11 Things That All Chinese Parents Tell Their Kids

Medicine for regret doesn't exist. | © ranys / Pixabay
Medicine for regret doesn't exist. | © ranys / Pixabay
Photo of Fran Lu
4 December 2017

As a general rule, parents in China are usually more protective of their kids. Though what they teach little ones might just be general advice, or wisdom passed down from their elders, it’s always remembered. Here are the 11 things that almost all Chinese parents teach their kids.

Eat up!

This is one of the first things all Chinese people learn at the dinner table. Chinese people believe it’s a virtue to cherish their food, which isn’t difficult to understand considering that the older generations once suffered from the Great Famine in the 1960s. As the famous verse from Tang dynasty poet Li Shen’s poem Sympathy for the Peasants (悯农) goes, “Each grain in your rice plate is the result of hard labor. (谁知盘中餐,粒粒皆辛苦。)”.

© tenz1225 / Flickr

Don’t be fussy about what you eat

In Chinese there’s a saying that goes, “Food is the ultimate necessity of people. (民以食为天。)”. We all have our likes and dislikes when it comes to food. But every Chinese person grows up having at least once been forced by their parents to eat whatever it is on the table that is edible.

Never make sounds while eating

It can be agonising to have to listen to other people smacking their lips while eating, sucking meat off bones or slurping soup noodles. Many Chinese people are taught not to do this from an early age.

It’s disrespectful to eat before your elders

By this point you might think that Chinese people are singularly obsessed with food – and you’d be right. Chinese kids are taught to only start eating after the elders start using their chopsticks. Though it’s a small detail, it reflects the Chinese tradition of respecting the elderly.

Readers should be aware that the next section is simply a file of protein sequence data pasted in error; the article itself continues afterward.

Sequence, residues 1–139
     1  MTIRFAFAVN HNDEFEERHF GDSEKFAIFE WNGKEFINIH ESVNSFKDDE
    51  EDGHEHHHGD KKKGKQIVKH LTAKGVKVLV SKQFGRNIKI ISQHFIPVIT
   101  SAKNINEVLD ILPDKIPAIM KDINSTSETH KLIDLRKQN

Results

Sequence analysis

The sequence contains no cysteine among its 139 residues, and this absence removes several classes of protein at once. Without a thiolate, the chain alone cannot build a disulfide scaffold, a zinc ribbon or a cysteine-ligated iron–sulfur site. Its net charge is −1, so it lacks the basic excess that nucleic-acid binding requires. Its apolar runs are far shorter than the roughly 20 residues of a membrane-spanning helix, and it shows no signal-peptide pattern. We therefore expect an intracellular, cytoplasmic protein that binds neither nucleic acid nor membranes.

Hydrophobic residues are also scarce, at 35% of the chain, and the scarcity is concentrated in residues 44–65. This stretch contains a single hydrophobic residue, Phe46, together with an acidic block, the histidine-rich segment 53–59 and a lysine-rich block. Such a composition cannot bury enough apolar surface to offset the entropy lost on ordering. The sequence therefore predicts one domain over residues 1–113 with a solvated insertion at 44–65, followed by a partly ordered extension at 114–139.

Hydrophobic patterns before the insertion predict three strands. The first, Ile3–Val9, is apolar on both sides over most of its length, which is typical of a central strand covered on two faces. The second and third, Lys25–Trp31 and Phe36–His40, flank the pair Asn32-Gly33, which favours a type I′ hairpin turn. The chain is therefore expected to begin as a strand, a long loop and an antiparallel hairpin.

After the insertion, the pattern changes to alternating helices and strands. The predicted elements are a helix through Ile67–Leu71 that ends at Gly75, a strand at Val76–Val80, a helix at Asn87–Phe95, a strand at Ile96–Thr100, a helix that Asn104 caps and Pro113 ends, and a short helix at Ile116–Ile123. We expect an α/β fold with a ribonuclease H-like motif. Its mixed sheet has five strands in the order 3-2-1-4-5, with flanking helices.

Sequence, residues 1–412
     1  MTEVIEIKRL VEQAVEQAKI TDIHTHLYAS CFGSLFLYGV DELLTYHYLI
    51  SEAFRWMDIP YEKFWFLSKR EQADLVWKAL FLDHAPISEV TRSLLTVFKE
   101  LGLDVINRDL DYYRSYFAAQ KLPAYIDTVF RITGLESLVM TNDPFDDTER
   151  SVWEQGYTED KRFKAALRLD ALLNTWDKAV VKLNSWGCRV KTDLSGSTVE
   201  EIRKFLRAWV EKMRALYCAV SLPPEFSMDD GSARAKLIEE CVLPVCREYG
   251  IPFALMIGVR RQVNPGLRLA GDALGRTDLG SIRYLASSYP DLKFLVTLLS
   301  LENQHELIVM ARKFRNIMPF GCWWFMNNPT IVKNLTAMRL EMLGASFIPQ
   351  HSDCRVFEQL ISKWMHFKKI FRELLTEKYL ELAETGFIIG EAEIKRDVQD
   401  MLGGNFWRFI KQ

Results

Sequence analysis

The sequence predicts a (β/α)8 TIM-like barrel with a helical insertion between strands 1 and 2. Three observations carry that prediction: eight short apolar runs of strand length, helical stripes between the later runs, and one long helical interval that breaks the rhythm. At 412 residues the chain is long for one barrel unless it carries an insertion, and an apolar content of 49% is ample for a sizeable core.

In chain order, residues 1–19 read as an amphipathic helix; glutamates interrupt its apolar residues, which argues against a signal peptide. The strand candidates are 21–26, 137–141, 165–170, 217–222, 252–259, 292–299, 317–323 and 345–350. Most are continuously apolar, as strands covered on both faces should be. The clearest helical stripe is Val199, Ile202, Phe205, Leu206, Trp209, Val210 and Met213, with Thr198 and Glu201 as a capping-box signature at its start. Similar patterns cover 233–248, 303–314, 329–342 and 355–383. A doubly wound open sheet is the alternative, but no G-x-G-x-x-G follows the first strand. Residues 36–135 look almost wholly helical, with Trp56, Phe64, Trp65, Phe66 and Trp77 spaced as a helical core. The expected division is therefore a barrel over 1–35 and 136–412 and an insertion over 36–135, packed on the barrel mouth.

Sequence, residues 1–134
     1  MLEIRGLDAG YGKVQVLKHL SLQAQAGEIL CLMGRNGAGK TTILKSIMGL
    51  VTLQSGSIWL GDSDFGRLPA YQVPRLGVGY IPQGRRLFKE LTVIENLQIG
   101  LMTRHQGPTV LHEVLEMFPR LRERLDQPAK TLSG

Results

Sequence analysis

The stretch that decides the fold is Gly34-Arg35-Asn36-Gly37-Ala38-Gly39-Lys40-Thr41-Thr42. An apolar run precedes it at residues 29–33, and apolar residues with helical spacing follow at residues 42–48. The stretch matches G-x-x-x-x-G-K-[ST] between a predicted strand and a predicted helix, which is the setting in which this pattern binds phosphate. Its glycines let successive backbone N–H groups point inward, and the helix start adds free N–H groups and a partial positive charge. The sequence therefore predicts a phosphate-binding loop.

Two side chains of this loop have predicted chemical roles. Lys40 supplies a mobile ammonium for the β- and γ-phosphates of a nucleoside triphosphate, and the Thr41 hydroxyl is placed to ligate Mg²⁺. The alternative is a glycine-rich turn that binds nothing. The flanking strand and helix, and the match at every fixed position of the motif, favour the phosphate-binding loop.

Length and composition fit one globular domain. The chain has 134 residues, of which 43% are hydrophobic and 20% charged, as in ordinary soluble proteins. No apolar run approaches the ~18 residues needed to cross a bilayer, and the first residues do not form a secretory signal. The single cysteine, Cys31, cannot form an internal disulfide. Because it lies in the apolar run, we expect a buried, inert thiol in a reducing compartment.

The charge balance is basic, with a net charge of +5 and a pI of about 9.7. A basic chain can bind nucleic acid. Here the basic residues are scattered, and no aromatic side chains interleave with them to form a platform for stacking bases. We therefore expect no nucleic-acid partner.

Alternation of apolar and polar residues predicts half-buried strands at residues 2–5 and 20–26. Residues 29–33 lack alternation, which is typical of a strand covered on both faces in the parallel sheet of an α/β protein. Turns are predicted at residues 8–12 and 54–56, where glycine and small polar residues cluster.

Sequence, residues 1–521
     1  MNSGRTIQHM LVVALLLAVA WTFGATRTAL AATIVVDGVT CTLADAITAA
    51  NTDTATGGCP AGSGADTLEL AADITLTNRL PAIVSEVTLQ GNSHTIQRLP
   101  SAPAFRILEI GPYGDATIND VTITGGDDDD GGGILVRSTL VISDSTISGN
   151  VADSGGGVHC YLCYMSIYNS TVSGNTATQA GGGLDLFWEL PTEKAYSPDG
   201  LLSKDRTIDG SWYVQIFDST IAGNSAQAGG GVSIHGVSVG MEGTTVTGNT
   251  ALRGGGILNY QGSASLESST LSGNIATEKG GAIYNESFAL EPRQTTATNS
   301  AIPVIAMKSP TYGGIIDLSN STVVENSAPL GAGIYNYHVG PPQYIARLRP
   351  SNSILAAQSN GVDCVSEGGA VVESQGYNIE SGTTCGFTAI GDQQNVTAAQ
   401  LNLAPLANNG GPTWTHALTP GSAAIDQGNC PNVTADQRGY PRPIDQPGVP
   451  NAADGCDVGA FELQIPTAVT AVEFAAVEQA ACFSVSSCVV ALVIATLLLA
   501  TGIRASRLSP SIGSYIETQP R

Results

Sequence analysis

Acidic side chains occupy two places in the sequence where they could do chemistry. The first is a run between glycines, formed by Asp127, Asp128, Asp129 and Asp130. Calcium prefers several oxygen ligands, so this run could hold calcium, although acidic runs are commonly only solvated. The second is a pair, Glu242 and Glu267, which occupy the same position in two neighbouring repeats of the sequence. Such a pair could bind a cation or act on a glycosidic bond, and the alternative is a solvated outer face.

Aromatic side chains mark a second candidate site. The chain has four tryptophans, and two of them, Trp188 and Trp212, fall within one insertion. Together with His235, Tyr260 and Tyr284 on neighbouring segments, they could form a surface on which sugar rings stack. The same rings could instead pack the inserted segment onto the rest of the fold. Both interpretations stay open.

Younger kids go first

It’s pretty demanding to be a Chinese kid, having to both respect people who are older and help out those who are younger. Every Chinese knows the story of East Han dynasty essayist Kong Rong (153 – 208 C.E.), who, at the age of four, gave his brother the bigger pear. Chinese kids are thus told to learn from Kong, and at least give way to kids who are younger than them, as it’s usually considered that the younger is the least sensible.

This decorative painting in Summer Palace's Long Corridor depicts the story of Kong Rong giving pear to his brother | © WikiCommons

Eat food hot rather than cold

Chinese people strongly believe that we are what we eat. They also believe eating well can keep a person in good health. Chinese kids are often told that food should be eaten hot, not cold. This belief is thought to have come from traditional Chinese medicine, which warns against eating food that is cold in nature, such as duck meat, watermelon and green tea.

Don’t sleep/go out with wet hair

Many Chinese kids are told by their parents to not sleep or go out with wet hair. It is said to weaken the immune system, which is why we usually feel headaches after ignoring our parents’ advice.

Chinese parents find the hair dryer a very useful gadget. | © Gratisography

Don’t accept small gifts without reciprocating

It’s not ok to take large gifts from other people either, but Chinese parents are more particular about their children not accepting small presents or favors from others without returning them, even if it’s just a small piece of candy. This habit originates from an old saying in China, “吃人家的嘴短,拿人家的手软”, which means “There’s no such thing as free lunch”. It’s a small thing that is likely to go unnoticed by children, but could have butterfly effect in the long run.

Don’t shuffle, walk

While the rest of the world might idolise the king of pop, if MJ’s parents were Chinese, he’d have been told off for looking unenergetic long before coming up with his famous moonwalk.

© DayronV / Pixabay

Don’t compare yourself with someone worse than you

There’s an old proverb in China: “人往高处走,水往低处流 (Men struggle upwards; water flows downwards)”. Chinese parents see this saying as the gospel truth, and repeat it to their kids so they don’t compare with people worse than them. It can make you feel better by doing so, but it’s just quenching thirst with poison.

There’s no such thing as medicine for regret

All Chinese people will find this line wearily familiar. Whenever we feel sorry about our mistakes, our parents will say “世上没有后悔药 (There’s no such thing as medicine for regret).” Similar to “It’s no use crying over spilled milk” in English, this is the Chinese version of a universal truth that there’s nothing we can do about something already happened instead of moving on.

Medicine for regret doesn't exist. | © ranys / Pixabay

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